Testing Quantum Models of Conjunction Fallacy on the World Wide Web

  • Diederik Aerts
  • Jonito Aerts Arguëlles
  • Lester Beltran
  • Lyneth Beltran
  • Massimiliano Sassoli de Bianchi
  • Sandro Sozzo
  • Tomas Veloz
Article

Abstract

The ‘conjunction fallacy’ has been extensively debated by scholars in cognitive science and, in recent times, the discussion has been enriched by the proposal of modeling the fallacy using the quantum formalism. Two major quantum approaches have been put forward: the first assumes that respondents use a two-step sequential reasoning and that the fallacy results from the presence of ‘question order effects’; the second assumes that respondents evaluate the cognitive situation as a whole and that the fallacy results from the ‘emergence of new meanings’, as an ‘effect of overextension’ in the conceptual conjunction. Thus, the question arises as to determine whether and to what extent conjunction fallacies would result from ‘order effects’ or, instead, from ‘emergence effects’. To help clarify this situation, we propose to use the World Wide Web as an ‘information space’ that can be interrogated both in a sequential and non-sequential way, to test these two quantum approaches. We find that ‘emergence effects’, and not ‘order effects’, should be considered the main cognitive mechanism producing the observed conjunction fallacies.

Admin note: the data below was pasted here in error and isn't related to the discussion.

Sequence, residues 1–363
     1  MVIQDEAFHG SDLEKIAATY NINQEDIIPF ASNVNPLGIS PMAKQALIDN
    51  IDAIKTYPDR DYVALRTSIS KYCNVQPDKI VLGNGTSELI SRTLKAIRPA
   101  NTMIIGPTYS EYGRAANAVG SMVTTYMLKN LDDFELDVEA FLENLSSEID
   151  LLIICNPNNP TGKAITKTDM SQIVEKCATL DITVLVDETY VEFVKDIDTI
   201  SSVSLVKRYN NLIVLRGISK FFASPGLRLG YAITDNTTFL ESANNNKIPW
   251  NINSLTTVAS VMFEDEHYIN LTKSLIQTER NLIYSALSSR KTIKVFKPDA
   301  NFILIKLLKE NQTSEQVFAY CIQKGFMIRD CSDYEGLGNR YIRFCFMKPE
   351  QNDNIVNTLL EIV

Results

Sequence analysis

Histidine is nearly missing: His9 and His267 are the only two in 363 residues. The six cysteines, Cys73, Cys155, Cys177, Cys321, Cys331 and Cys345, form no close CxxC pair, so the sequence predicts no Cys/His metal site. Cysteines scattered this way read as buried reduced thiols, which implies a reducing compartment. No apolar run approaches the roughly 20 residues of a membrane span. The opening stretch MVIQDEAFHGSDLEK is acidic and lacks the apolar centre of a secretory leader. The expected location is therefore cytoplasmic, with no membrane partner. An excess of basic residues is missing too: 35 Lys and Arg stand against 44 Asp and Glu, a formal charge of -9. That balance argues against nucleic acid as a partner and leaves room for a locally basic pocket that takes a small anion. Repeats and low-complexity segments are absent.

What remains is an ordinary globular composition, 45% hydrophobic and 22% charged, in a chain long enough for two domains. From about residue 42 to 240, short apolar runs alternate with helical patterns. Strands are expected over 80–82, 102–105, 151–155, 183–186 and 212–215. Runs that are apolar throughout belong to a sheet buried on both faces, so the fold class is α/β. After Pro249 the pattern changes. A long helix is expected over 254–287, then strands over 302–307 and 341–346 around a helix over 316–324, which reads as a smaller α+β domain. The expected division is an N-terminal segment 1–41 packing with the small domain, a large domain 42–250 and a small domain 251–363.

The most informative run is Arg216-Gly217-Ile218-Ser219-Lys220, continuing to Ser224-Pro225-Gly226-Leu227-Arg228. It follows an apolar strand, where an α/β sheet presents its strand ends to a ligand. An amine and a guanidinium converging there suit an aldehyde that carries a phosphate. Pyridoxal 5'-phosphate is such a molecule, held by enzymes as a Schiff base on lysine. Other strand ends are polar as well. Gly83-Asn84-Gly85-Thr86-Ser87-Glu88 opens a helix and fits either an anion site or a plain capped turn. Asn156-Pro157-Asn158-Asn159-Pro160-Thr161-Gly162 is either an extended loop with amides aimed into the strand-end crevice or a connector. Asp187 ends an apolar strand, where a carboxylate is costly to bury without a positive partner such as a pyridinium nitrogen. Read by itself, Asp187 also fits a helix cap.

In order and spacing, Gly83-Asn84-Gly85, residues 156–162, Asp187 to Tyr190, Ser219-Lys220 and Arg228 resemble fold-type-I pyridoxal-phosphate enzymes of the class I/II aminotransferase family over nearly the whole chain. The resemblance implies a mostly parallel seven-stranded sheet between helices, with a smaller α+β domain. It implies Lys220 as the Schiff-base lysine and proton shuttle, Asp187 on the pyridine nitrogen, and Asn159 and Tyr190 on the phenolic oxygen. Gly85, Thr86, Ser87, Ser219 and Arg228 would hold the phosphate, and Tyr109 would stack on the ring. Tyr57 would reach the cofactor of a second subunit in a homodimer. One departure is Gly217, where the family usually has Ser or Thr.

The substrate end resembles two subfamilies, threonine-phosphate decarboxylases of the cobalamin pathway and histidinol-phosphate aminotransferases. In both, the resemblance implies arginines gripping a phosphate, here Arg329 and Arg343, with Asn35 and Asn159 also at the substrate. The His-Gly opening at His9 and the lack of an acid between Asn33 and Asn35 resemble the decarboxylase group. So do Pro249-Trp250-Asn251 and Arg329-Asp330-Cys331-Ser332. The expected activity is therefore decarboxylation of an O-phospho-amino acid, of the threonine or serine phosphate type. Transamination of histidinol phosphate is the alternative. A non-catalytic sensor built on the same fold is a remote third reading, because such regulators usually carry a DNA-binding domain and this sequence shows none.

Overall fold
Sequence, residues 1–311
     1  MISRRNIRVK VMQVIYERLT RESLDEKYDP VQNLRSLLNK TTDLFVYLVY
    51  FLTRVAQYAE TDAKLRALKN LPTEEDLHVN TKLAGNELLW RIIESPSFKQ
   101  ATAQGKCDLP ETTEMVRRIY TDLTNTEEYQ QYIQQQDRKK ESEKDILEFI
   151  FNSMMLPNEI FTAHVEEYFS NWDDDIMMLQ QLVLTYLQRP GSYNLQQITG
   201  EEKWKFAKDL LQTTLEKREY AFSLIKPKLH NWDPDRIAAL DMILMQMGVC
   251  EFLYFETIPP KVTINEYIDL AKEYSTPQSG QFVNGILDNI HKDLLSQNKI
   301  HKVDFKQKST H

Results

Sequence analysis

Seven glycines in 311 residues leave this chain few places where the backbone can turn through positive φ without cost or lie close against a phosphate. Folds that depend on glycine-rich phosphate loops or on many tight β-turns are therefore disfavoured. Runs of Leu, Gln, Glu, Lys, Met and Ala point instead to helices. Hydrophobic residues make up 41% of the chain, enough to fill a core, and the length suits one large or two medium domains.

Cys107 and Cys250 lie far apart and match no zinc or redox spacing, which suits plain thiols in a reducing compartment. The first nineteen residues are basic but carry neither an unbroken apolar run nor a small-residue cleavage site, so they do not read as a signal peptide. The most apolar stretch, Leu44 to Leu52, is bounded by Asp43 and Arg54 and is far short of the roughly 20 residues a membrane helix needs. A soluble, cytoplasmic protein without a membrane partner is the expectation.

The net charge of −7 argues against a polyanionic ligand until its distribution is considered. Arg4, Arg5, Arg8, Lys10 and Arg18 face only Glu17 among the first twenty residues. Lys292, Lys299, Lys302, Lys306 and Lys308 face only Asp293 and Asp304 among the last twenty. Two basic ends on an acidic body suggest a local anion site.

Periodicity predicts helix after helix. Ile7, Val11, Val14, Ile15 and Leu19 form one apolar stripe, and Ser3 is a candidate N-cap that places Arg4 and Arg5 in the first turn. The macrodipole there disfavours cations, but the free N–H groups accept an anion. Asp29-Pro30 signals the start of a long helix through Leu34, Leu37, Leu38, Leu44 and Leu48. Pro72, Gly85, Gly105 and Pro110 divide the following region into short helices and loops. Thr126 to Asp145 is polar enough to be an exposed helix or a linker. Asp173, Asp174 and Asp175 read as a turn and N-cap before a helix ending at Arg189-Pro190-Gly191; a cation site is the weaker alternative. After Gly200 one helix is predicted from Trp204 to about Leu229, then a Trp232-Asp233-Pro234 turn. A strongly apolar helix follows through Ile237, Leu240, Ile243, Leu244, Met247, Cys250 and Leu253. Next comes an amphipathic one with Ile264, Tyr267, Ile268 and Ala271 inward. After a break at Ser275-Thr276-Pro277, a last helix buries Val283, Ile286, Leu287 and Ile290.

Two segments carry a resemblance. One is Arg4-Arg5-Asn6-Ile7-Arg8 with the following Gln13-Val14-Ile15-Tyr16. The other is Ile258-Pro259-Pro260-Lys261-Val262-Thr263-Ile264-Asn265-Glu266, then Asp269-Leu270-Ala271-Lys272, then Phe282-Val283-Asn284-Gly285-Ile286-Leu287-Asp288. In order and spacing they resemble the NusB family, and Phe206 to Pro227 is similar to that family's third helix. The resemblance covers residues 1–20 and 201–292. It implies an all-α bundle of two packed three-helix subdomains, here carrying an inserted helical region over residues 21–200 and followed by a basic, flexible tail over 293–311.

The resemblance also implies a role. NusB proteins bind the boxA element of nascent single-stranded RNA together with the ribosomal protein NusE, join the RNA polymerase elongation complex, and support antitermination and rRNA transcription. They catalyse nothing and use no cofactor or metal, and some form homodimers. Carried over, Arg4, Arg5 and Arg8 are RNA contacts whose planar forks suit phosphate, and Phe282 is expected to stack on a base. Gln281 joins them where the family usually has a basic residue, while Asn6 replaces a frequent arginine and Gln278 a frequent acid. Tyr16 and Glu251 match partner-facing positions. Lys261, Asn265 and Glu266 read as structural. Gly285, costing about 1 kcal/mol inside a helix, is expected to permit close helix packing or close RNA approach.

Keywords

Quantum cognition Conjunction fallacy Emergent reasoning Meaning bond World Wide Web 

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Copyright information

© Springer Science+Business Media New York 2017

Authors and Affiliations

  • Diederik Aerts
    • 1
  • Jonito Aerts Arguëlles
    • 2
  • Lester Beltran
    • 3
  • Lyneth Beltran
    • 1
  • Massimiliano Sassoli de Bianchi
    • 4
  • Sandro Sozzo
    • 5
  • Tomas Veloz
    • 1
  1. 1.Center Leo Apostel (Clea)Brussels Free University (VUB)BrusselBelgium
  2. 2.KASK and ConservatoryGhentBelgium
  3. 3.825-C Tayuman StreetTondoPhilippines
  4. 4.Laboratorio di Autoricerca di BaseLuganoSwitzerland
  5. 5.School of Business and Institute IQSCSUniversity of LeicesterLeicesterUK

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